Table 1Predictors of bacterial isolation on textiles
      PredictorAll aerobic bacteriaStaphylococcus aureusMethicillin-resistant S aureus
      % (n)UnadjustedAdjusted% (n)UnadjustedAdjusted% (n)UnadjustedAdjusted
      OR (95% CI)
      In mixed-effects logistic models, the dependent variable was the isolation of bacteria on the specific medium type. Models controlled for differences among the 3 hospital sites as a random effect.
      OR (95% CI)
      Multivariable mixed-effects logistic models were built using information-theoretic model selection to generate all possible combinations of the independent variables. The dependent variable was the isolation of bacteria on the specific medium type. The model with the lowest corrected Akaike information criterion was selected. Models controlled for differences among the 3 hospital sites as a random effect.
      OR (95% CI)
      In mixed-effects logistic models, the dependent variable was the isolation of bacteria on the specific medium type. Models controlled for differences among the 3 hospital sites as a random effect.
      OR (95% CI)
      Multivariable mixed-effects logistic models were built using information-theoretic model selection to generate all possible combinations of the independent variables. The dependent variable was the isolation of bacteria on the specific medium type. The model with the lowest corrected Akaike information criterion was selected. Models controlled for differences among the 3 hospital sites as a random effect.
      OR (95% CI)
      In mixed-effects logistic models, the dependent variable was the isolation of bacteria on the specific medium type. Models controlled for differences among the 3 hospital sites as a random effect.
      OR (95% CI)
      Multivariable mixed-effects logistic models were built using information-theoretic model selection to generate all possible combinations of the independent variables. The dependent variable was the isolation of bacteria on the specific medium type. The model with the lowest corrected Akaike information criterion was selected. Models controlled for differences among the 3 hospital sites as a random effect.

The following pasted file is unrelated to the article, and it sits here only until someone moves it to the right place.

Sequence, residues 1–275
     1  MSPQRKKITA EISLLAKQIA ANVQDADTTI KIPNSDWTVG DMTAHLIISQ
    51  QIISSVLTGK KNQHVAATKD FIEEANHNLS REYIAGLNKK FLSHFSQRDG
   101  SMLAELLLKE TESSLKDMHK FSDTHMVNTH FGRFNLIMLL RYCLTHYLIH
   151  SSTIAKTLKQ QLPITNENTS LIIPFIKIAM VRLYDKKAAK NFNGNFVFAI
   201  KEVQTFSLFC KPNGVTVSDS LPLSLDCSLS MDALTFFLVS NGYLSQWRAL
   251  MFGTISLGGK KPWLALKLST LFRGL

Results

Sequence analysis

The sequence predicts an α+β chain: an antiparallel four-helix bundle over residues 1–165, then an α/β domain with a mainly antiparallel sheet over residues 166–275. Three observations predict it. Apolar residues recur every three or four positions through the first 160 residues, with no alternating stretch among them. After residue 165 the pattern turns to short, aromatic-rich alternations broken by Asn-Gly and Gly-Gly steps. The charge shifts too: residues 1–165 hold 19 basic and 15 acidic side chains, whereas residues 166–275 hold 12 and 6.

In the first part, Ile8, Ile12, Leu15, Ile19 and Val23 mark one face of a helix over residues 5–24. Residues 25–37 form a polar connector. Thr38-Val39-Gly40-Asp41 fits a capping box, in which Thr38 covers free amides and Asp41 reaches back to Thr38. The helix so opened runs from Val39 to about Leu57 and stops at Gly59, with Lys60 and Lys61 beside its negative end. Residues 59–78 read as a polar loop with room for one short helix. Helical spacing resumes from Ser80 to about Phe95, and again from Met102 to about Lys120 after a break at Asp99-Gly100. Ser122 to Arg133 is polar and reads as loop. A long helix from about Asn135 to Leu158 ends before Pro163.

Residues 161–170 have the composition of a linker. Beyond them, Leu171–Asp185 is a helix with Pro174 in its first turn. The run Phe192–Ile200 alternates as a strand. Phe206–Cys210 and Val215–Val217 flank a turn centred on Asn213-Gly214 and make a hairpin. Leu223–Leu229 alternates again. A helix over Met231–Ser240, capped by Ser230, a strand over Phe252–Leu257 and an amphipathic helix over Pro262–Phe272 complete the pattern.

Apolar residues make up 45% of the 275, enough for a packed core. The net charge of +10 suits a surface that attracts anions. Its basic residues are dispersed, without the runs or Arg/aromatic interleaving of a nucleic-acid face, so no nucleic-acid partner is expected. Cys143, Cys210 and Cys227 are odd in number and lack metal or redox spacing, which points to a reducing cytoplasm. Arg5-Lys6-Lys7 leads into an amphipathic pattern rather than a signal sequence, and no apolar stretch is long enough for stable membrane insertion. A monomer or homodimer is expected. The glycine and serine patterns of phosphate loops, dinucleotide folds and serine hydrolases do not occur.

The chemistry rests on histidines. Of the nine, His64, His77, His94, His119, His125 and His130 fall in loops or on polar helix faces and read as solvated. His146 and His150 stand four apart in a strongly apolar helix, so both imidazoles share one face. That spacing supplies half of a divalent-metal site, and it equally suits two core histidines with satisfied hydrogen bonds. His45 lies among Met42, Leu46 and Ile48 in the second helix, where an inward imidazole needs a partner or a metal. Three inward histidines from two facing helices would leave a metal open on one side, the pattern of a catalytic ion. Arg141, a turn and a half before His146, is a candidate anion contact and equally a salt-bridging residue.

Ward type
       Nonmonitored83%(2191)Ref34%(94)RefRef9%(27)Ref
       Monitored95%(569)4.1(2.8-6.1)
      P < .05.
      79%(61)7.2(3.9-13.3)
      P < .05.
      3.9(2.1-7.8)
      P < .05.
      21%(19)1.6(0.8-3.2)
      Patient exposure
       Preuse76%(1298)RefRef20%(33)RefRef11%(21)Ref
       Postuse96%(1362)7.9(5.9-10.6)
      P < .05.
      9.5(7.1-13.0)
      P < .05.
      65%(122)9.7(5.7-16.7)
      P < .05.
      11.9(6.1-23.4)
      P < .05.
      13%(25)1.5(0.8-2.9)
      Textile type
       Sheet82%(1414)RefRef43%(75)Ref10%(18)Ref
       Gown87%(1346)1.5(1.2-1.8)
      P < .05.
      1.8(1.5-2.3)
      P < .05.
      44%(80)0.9(0.6-1.4)14%(28)1.2(0.6-2.4)
      Silver treatment
       Absent94%(1547)RefRef64%(100)RefRef22%(38)RefRef
       Present75%(1213)0.1(0.1-0.2)
      P < .05.
      0.1(0.1-0.2)
      P < .05.
      27%(55)0.2(0.1-0.3)
      P < .05.
      0.1(0.05-0.2)
      P < .05.
      4%(8)0.3(0.1-0.9)
      P < .05.
      0.3(0.1-0.9)
      P < .05.
      CI, confidence Interval; OR, odds ratio; Ref, reference category.
      * In mixed-effects logistic models, the dependent variable was the isolation of bacteria on the specific medium type. Models controlled for differences among the 3 hospital sites as a random effect.
      Multivariable mixed-effects logistic models were built using information-theoretic model selection to generate all possible combinations of the independent variables. The dependent variable was the isolation of bacteria on the specific medium type. The model with the lowest corrected Akaike information criterion was selected. Models controlled for differences among the 3 hospital sites as a random effect.
      P < .05.